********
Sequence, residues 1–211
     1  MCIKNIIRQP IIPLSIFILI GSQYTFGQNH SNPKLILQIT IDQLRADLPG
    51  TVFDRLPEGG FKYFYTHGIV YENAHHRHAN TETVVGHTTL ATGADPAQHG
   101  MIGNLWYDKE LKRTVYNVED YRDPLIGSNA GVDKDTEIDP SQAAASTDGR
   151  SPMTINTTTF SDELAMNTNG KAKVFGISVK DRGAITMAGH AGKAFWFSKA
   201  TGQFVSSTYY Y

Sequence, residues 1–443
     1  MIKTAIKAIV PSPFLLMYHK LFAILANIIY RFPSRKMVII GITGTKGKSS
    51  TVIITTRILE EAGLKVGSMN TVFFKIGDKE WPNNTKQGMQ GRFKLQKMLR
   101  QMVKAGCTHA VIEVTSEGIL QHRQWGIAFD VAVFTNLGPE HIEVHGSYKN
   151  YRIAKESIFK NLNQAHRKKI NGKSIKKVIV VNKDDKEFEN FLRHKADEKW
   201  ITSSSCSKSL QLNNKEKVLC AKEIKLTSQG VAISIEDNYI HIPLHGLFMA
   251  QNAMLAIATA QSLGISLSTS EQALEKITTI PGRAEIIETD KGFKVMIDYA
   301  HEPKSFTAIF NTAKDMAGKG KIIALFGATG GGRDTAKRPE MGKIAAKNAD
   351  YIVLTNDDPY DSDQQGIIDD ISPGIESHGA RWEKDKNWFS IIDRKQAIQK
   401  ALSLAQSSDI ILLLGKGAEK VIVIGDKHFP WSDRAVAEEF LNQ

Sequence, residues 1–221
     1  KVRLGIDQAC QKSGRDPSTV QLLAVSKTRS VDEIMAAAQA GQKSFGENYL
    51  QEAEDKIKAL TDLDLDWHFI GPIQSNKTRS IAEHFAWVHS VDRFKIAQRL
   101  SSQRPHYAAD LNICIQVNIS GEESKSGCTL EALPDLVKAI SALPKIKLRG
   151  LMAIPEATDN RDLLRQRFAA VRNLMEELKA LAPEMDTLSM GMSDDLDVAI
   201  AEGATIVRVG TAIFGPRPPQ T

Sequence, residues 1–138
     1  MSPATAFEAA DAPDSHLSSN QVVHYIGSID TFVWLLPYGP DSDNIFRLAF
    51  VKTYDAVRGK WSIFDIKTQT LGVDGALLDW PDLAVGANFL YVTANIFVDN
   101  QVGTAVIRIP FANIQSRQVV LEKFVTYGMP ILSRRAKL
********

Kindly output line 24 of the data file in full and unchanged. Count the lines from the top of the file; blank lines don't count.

     1  MSPATAFEAA DAPDSHLSSN QVVHYIGSID TFVWLLPYGP DSDNIFRLAF